Answer all these questions correctly, and you win the title of the most knowledgeable coffee drinker in the Fort. You can then tell us which brand serves the best coffee in the Fort in your view.


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Blog
newbie

Don't worry, this is not a statement extracted from an internal memo of an email marketing company.

It is a summary of my review after watching the theatrical performance of Spamalot, a stage play produced by Upstart Productions and performed at BGC Arts Center last Saturday. Upstart Productions is a local theatrical show production company that has very good reputation. I have always enjoyed their shows.

When I got the tickets to the show, I wondered if I had made a mistake. While I am familiar with British humor, I was not sure if my 10-year old could get the jokes. Would she need to have knowledge of British history to enjoy a show the title of which is a word play on a place in British history called Camelot? In fact, come to think of it, I don't think I know much about Camelot except that it was a name of a place in British history in medieval times. There was a legend about how a boy became king with the help of magical power.

And what the heck is Monty Python? The show is called Monty Python's Spamalot. I vaguely remembered that it was a term associated with a group of British comedians in 1970s, the most famous of whom was a guy named John Cleese. He is the British version of John Lithgow (a US actor that has starred in many movies as well as a successful comedy series called 3rd Rock from the Sun).

After the show, I was glad that I brought along my 10-year old. She was glued to the show the whole time, and talked about dressing up as King Arthur at Halloween, her most favorite annual event.

It was an outrageous comedy.

Audience eagerly lines up to get into the theater.

The show started with a scene set in a mental hospital. One of the patients became the lead character of the play, King Arthur, in the next scene. So everything in the play was supposed to be a dream in the head of a mental patient. Craziness was therefore expected.

The story line is not very important, because it only serves as a vehicle for a lot of silliness. Everything just happens.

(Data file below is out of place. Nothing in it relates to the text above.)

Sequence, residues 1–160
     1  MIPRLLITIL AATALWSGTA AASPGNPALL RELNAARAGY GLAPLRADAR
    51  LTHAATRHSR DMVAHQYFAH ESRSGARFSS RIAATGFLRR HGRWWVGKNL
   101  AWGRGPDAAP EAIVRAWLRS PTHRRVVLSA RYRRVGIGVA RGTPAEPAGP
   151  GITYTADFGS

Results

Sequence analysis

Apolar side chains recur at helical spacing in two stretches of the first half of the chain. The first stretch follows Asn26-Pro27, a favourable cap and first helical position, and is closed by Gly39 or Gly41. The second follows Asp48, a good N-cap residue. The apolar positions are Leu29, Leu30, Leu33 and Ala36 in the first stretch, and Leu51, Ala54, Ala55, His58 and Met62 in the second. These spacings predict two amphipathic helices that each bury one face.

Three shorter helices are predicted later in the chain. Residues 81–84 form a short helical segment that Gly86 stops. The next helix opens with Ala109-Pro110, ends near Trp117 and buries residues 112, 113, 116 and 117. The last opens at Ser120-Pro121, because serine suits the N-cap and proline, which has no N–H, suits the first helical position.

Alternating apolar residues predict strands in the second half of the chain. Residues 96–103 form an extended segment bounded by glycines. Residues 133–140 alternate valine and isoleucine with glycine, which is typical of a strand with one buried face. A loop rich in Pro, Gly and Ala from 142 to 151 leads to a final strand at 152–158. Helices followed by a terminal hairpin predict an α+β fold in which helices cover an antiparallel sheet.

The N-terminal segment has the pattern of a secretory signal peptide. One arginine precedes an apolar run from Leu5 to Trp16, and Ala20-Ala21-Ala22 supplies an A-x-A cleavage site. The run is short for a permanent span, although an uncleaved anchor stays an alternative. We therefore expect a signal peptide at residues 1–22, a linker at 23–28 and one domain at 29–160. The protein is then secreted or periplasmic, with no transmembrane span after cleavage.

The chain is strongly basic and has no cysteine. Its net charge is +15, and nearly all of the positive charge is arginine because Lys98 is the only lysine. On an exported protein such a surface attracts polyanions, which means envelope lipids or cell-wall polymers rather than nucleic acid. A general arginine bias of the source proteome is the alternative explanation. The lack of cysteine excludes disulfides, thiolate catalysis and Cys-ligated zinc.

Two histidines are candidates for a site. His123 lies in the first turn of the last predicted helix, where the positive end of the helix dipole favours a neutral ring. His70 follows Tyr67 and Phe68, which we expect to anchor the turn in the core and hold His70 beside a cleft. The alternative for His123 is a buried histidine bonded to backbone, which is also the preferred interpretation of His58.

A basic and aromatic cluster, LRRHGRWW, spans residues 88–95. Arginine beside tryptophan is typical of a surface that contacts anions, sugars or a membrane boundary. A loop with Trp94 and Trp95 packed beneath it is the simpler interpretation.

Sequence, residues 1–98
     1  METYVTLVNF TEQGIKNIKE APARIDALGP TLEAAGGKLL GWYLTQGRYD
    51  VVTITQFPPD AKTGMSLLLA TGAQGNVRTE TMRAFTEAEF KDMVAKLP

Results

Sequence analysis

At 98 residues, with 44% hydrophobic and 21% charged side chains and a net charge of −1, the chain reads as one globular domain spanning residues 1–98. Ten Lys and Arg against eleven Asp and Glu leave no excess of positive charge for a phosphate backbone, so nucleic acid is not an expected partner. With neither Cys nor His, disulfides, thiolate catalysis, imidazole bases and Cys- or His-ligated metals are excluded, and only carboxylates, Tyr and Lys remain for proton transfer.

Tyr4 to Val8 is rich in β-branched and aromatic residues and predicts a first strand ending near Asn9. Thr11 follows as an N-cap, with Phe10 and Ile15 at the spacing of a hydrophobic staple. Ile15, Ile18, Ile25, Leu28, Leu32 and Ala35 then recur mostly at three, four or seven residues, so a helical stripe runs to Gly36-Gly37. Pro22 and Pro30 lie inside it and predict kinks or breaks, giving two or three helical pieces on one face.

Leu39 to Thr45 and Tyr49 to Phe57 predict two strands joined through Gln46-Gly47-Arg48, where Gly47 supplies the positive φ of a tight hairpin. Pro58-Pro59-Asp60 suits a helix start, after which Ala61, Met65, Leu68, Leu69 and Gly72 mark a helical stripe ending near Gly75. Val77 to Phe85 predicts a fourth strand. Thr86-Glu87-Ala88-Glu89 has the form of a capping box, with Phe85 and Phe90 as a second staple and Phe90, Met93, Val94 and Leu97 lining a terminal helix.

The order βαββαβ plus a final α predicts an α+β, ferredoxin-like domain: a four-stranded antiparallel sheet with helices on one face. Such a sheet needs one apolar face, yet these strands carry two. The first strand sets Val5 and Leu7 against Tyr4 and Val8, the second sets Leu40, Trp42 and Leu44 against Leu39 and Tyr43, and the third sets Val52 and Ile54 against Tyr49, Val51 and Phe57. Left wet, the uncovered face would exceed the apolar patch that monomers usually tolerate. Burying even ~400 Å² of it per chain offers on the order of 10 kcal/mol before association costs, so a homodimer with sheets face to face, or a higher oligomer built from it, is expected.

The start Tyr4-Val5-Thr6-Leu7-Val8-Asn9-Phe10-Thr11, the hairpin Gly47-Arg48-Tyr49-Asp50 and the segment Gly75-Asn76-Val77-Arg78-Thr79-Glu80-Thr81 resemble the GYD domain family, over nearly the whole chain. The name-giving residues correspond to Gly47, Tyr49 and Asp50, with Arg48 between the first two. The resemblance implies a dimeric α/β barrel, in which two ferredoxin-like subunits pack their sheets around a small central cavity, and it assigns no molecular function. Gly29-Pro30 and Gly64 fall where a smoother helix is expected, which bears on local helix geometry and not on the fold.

Briefly, the story was this: King Arthur, a king of England in medieval time, needed to recruit some knights to join him in a quest to find the holy grail. A lot of the jokes were about how King Arthur and his knights interacted with strangers and among themselves.

Photo above: Some of the cast of Spamalot and a fan.

A bunch of silly men running around could become bland after a while even though they were hilarious. Luckily, in the British legend about King Arthur, there was a beautiful sorceress called Lady of the Lake. This provided an opportunity to add some glamour to the play.  The Lady of the Lake, played by actress Rachel Alejandro in the show that we watched, was not only very pretty, but most of all, could sing silly songs and act silly very well.

While Spamalot is a British play that was written probably many years ago, the audience could still connect with it. One is because many of the jokes were about the misunderstanding of simple instructions by idiots. Second, some of the songs sang in the show that we watched, especially one that was sung by the Lady of the Lake, had been updated to incorporate bits of pop songs in it.  The young audience cracked up when they watched these songs being sung and dance in a comical way. 


T-shirt bought at the merchandise booth of the show shows the most evil villain in the plot, a murderous bunny.

Although one may miss one or two jokes that required a knowledge of British slangs in the 70s (such as the one about 'fairy', which means feminine man), or a few rude words that are probably not used any more, everyone will find this production of Spamalot a well performed comedy that delivers.  The acting and directing were superb, the venue of BGC Arts Center was great, and the dresses worn by the Lady of the Lake were enchanting.

Spamalot is directed by Joel Trinidad and Nicky Triviño of Upstart Productions. It is showing at BGC Arts Center until April 22, 2018. Get your tickets now if you want to have a tummy splitting experience this weekend!

My kid is begging me to bring her back to watch again with a friend. I may just let her do that if she promises to study hard, and continue to make jokes in a British accent.

(Btw, don't think too hard on why the show is called Spamalot, because that's not the way Monty Python people work. It was chosen probably only because it rhymes with Camalot).